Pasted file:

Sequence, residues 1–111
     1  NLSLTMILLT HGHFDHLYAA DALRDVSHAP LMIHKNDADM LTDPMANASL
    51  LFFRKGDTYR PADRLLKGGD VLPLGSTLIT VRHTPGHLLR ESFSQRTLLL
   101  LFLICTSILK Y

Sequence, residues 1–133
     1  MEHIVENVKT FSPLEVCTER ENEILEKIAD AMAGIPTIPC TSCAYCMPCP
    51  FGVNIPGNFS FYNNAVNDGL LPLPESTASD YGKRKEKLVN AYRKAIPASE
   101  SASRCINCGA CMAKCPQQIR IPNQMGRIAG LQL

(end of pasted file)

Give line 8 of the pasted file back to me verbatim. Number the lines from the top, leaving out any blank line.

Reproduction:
   101  SASRCINCGA CMAKCPQQIR IPNQMGRIAG LQL